Third Sunday of Easter, Year A-2011

From VincentWiki
Devoted ... to the teaching of the apostles and to the communal life, to the breaking of bread and to the prayers (Acts 2:42—NAB)

While we walk toward a chosen location, the risen Jesus comes to accompany us. He wants our pilgrimage to end at our true destination. He seeks to open our eyes with his teaching. He sees to it that our journey is not just a form of escapism or a mere symptom of despair and disappointment.

Unlike the two disciples traveling to Emmaus, we are not desperate. They were disappointed because things did not turn out according to their expectations. We do not speak in the first person the way they did, that is, in past tense, saying, “We were hoping that he would be the one to redeem Israel.” Thank God, we continue to put our faith and hope in God through Jesus and we have not distanced ourselves from his Church—even if on occasions we are disappointed by certain decisions and actions taken by church authorities, like those, for example, that have to do with the forced retirement of Bishop William Morris of Toowoomba, Australia, about which a comment from a Vincentian missionary of the Australian Province says that the way the bishop and his diocese were treated was inappropriate and unjust [1].

But, yes, we need Jesus to explain to us all Scriptures. Although we are not as incredulous as the two disciples (such unbelief is surprising given that there are six predictions of the resurrection in the Gospel of Luke [2]) yet we have neither full wisdom nor sufficient quickness of mind to understand scriptural predictions about glory supposing passion. We need Jesus to confirm to us that the women are right and are not talking nonsense. Above all, we need Jesus to provide us with the opportunity for intimacy and communion through the breaking of the bread.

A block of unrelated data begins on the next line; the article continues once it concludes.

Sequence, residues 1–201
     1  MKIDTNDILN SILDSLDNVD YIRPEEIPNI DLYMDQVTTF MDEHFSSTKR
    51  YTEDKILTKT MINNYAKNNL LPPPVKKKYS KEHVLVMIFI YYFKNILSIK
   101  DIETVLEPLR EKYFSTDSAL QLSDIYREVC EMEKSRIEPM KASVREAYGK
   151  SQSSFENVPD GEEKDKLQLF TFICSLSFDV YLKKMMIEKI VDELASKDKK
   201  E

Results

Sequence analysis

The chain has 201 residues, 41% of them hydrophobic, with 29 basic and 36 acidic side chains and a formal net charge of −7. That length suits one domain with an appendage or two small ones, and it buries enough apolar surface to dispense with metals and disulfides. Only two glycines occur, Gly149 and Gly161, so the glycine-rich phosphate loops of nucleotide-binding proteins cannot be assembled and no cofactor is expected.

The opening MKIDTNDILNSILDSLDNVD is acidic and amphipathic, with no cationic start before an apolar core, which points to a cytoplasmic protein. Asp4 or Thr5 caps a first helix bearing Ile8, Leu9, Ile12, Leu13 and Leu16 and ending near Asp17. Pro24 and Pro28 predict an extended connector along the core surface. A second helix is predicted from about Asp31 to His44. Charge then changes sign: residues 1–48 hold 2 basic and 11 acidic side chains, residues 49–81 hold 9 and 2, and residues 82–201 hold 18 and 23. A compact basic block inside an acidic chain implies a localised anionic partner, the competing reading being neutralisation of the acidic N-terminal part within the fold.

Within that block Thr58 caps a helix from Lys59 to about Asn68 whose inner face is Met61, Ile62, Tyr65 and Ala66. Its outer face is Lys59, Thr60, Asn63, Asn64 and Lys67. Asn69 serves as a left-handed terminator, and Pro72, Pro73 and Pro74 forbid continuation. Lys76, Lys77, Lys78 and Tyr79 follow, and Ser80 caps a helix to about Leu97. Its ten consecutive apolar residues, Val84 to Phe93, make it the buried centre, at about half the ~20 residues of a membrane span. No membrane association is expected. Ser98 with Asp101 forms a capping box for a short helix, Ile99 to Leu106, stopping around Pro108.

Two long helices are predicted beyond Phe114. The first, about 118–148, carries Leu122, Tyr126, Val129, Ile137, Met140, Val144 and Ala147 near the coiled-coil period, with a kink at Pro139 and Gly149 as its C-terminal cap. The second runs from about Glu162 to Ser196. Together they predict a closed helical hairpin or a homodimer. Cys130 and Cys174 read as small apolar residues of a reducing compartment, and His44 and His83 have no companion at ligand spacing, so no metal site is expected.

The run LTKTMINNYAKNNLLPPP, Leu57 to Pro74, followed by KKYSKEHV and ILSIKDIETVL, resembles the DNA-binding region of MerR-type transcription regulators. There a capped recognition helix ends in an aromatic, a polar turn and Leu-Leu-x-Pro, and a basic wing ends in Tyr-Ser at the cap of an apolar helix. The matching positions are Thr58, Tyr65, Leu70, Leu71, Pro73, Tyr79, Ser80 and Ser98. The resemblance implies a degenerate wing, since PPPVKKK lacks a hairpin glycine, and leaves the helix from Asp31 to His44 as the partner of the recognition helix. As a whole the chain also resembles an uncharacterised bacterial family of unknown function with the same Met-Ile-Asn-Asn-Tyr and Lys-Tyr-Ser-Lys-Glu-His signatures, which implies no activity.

So nourished from the table of Jesus’ word and his body and blood, we will not be downcast even when we run into obstacles. According to St. Vincent de Paul, if we are grounded in Gospel teaching and remain in communion with Jesus, we can be certain—happen what may, our expectations met or not, and even when everything we are about seems headed for disaster—that we will remain unaffected by evil and never lack what we need [3]. Thus we will always joyfully witness that God raised Jesus from the dead. Convinced that to say “Jesus has truly risen” is tantamount to saying “He is in our midst,” we will manage to keep our hearts burning, the Vincentian spirit very much alive and all mediocrity overcome [4].


[1] “The Non-Sacking of a Bishop” at (accessed May 4, 2011).
[2] Inter-Varsity Press New Testament Commentaries at (accessed May 4, 2011).
[3] Common Rules of the Congregation of the Mission II, 2.
[4] Cf. Proyecto Provincial 2006-2009 1.1 at (accessed May 4, 2011).